The unique physiological property of hyperthermophiles is their ability to grow fastest at very high temperatures (≥80°C). In their ecosystems, they form complex food webs. Within these communities, hyperthermophiles function as primary producers and/or as consumers of organic material. The primary producers are chemolithoautotrophs, using a variety of inorganic compounds as electron donors and acceptors (Table 4). Under aerobic growth conditions, molecular hydrogen is converted to water (‘Knallgas reaction’) and elemental sulfur, sulfides or thiosulfate are oxidized to sulfuric acid. In the absence of oxygen, elemental sulfur, sulfate, thiosulfate, sulfite, nitrate, nitrite and CO2 are suitable electron acceptors for growth, while molecular hydrogen is the electron donor in these energy-yielding reactions (Table 4). Instead of hydrogen, Ferroglobus placidus is able to use ferrous iron as electron donor for nitrate reduction (Fig. 1c; Table 4) .
Table 4. Energy conservation in chemolithoautotrophic hyperthermophiles
|H2+1/2O2H2O||Aquifex, Thermocrinis Sulfolobusa, Acidianusa, Metallosphaeraa, Pyrobaculuma|
|2S°+3O2+2H2O2H2SO4||Aquifex, Sulfolobusa, Acidianusa, Metallosphaeraa|
|2FeS2+7O2+2H2O2FeSO4+2H2SO4=‘metal leaching’||Sulfolobusa, Acidianusa, Metallosphaera|
|H2+6FeO(OH)2Fe3O4+4H2O||Pyrobaculum sp. nov.|
|H2+S°H2S||Ignicoccus, Acidianus, Stygiolobus, Pyrodictiuma, Pyrobaculuma, Thermoproteusa|
|4H2+CO2CH4+2H2O||Methanopyrus, Methanothermus, Methanococcus|
Recently, it was shown that heavy metal compounds are further suitable electron acceptors for anaerobic growth of hyperthermophiles. Several members of Pyrobaculum can reduce ferric iron to form magnetite . By coexistence with anaerobic iron oxidizers like F. placidus, a hot iron cycle can be postulated, which may have existed already within early life forms on Earth .
Autotrophic hyperthermophiles are able to obtain cellular carbon through the reduction of carbon dioxide via the reductive tricarboxylic acid cycle (performed by e.g. Aquifex pyrophilus, Thermoproteus neutrophilus) or the reductive acetyl CoA pathway (e.g. Archaeoglobus lithotrophicus, F. placidus) [34,35]. Recently, a new CO2 fixation pathway, the 3-hydroxypropionate cycle, was described for members of the Sulfolobales (Metallosphaera sedula, Sulfolobus metallicus and Acidianus infernus) . Several chemolithoautotrophs are facultatively heterotrophic, alternatively using organic matter for growth. These two different modes of metabolism were identified for example in representatives of the genera Sulfolobus, Metallosphaera, Acidianus or Pyrobaculum (Table 5).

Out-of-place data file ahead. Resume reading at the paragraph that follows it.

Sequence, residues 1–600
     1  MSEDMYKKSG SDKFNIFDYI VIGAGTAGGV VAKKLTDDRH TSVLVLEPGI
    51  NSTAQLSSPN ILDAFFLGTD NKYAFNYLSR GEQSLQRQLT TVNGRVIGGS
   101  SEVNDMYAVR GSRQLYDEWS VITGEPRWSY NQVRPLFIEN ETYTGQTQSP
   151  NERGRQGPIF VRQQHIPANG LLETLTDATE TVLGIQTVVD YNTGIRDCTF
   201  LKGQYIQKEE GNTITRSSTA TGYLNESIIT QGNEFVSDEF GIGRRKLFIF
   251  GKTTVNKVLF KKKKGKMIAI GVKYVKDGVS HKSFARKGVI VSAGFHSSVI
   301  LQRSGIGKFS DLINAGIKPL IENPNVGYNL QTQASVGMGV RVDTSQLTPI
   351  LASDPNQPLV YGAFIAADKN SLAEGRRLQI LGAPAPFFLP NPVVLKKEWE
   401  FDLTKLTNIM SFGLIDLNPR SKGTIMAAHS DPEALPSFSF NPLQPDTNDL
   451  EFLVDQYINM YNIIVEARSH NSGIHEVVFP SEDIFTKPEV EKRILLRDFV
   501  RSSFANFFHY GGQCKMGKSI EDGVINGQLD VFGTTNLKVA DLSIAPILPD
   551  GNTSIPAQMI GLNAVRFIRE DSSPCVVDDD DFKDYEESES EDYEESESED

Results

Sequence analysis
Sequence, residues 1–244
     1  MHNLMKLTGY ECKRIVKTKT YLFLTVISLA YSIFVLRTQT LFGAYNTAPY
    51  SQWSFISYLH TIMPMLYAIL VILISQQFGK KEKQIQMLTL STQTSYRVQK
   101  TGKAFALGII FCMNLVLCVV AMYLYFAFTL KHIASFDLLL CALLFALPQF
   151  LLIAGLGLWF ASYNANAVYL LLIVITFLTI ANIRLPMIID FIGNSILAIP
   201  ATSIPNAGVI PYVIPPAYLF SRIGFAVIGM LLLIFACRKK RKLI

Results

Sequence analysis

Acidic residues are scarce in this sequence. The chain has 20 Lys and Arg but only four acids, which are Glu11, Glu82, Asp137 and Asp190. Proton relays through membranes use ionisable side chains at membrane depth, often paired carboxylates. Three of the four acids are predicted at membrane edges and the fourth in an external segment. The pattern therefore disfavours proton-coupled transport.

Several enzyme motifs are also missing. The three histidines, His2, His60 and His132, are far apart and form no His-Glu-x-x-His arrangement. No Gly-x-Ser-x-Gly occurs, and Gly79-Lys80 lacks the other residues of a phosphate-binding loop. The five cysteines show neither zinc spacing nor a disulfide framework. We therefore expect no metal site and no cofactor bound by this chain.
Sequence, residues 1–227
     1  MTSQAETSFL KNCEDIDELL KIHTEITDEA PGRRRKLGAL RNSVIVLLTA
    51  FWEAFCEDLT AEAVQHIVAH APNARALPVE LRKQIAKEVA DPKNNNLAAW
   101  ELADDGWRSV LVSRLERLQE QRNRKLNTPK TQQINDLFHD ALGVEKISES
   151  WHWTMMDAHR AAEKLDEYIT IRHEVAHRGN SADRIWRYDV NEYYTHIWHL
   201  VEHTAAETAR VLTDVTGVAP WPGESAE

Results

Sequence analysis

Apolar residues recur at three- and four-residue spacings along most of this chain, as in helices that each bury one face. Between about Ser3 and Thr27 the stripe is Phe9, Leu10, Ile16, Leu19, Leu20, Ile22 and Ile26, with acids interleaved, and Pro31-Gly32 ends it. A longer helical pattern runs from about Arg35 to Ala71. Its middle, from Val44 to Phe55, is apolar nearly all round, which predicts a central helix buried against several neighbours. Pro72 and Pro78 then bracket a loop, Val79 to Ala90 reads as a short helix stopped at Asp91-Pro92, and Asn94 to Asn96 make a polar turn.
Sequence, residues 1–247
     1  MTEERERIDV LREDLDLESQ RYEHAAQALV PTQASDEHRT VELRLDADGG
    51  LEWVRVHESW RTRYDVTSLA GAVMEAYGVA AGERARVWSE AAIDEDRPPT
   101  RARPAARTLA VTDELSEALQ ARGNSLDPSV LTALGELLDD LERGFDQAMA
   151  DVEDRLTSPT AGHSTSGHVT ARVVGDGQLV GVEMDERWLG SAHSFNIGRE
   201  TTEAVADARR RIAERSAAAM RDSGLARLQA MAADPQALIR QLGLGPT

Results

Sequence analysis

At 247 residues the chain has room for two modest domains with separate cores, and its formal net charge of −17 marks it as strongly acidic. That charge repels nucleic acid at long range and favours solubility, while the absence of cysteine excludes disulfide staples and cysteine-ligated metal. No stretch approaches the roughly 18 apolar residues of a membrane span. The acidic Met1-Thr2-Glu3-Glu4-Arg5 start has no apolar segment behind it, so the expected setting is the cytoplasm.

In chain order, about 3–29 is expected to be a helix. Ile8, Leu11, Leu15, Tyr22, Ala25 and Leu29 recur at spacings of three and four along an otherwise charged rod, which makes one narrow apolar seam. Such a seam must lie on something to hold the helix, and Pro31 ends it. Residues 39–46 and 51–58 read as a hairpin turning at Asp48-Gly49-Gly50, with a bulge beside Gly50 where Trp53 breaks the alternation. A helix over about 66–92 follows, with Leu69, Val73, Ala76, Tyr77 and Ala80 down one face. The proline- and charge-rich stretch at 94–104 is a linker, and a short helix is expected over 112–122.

Table 5. Energy conservation in heterotrophic hyperthermophiles
|Type of metabolism||External electron acceptor||Energy-yielding reaction||Genera|
|Respiration||S°||2[H]+S°H2S||Pyrodictium, Thermoproteus, Pyrobaculum, Thermofilum, Desulfurococcus, Stetteria,Thermodiscus, Stygiolobus, Sulfurisphaera|
| ||SO42− (S2O32−; SO32−)||8[H]+H2SO4H2S+4H2O||Archaeoglobus|
| ||O2||2[H]+1/2O2H2O||Sulfolobus, Metallosphaera, Acidianus, Pyrobaculum, Aeropyrum|
|Fermentation||–||peptidesisovalerate, isobutyrate, butanol, CO2, H2, etc.||Pyrodictium, Hyperthermus, Thermococcus, Pyrococcus, Thermoproteus, Thermosphaera, Sulfophobococcus, Desulfurococcus, Staphylothermus|
| ||–||glucosel(+)-lactate+acetate+H2+CO2||Thermotoga, Thermosipho, Fervidobacterium|
| ||–||cellobiose, maltose or pyruvateacetate+alanine+H2+CO2||Pyrococcus|
A variety of obligate heterotrophs are known which grow by different types of respiration or fermentation. So far, Aeropyrum pernix is the only hyperthermophile gaining energy exclusively by aerobic respiration of complex organic matter . For anaerobic respiration, sulfur, sulfur-containing compounds or nitrate may be used as electron acceptors (Table 5). Depending on the organism, complex organic compounds (e.g. yeast extract, meat extract, water-extracted crude oil, cell homogenates of archaea or bacteria) or defined substrates (e.g. maltose, glucose, arachnic acid, l(+)-lactate, acetate) are used as growth substrates [2,13]. Fermentatively growing hyperthermophiles are present within the archaeal and bacterial domains. During growth on peptides or carbohydrates, different organic acids, carbon dioxide and hydrogen are formed as major products (Table 5) . Molecular hydrogen, a potent inhibitor of growth for members of Thermotoga, Thermococcus or Pyrococcus[38,39], for example, can be removed by gassing with nitrogen or argon. Alternatively, the inhibition can be prevented by the addition of sulfur, cystine or thiosulfate, whereupon H2S is formed instead of hydrogen. Thermotoga maritima may use Fe(III) in place of sulfur as an electron sink to get rid of inhibitory hydrogen during fermentation. Another possibility to eliminate hydrogen is by interspecies hydrogen transfer during co-cultivation of fermentative and hydrogen-consuming hyperthermophiles [40,41]. Thermococcus stetteri, Thermococcus celer, Staphylothermus marinus and Pyrococcus furiosus exhibited excellent growth, when cultivated together with Methanococcus thermolithotrophicus or Methanococcus jannaschii. A further strategy to prevent hydrogen production was identified in P. furiosus. Instead of acetate, alanine is formed as a reduced end product by reductive amination of pyruvate.